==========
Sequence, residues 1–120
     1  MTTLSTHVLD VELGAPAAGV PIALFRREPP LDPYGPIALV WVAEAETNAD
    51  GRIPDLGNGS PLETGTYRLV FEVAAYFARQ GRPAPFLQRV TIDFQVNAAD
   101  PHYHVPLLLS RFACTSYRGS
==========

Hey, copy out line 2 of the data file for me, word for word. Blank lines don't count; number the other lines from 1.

     1  MTTLSTHVLD VELGAPAAGV PIALFRREPP LDPYGPIALV WVAEAETNAD